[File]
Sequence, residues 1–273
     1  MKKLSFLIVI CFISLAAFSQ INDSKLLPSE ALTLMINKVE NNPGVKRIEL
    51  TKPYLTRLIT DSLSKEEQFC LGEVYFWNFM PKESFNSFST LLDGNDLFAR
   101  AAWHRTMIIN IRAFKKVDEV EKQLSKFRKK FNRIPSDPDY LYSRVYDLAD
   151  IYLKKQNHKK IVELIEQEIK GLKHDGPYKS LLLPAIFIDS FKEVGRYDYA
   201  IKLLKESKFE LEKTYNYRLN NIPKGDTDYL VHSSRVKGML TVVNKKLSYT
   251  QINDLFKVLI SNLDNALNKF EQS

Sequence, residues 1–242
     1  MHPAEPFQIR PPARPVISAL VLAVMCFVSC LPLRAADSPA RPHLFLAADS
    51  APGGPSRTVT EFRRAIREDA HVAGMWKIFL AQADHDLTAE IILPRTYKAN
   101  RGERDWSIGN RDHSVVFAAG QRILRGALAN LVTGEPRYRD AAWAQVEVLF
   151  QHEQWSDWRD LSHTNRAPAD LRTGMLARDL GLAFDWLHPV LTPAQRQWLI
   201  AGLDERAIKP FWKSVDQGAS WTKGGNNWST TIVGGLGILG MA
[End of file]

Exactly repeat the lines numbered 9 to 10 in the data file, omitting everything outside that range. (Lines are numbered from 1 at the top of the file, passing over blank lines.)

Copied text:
     1  MHPAEPFQIR PPARPVISAL VLAVMCFVSC LPLRAADSPA RPHLFLAADS
    51  APGGPSRTVT EFRRAIREDA HVAGMWKIFL AQADHDLTAE IILPRTYKAN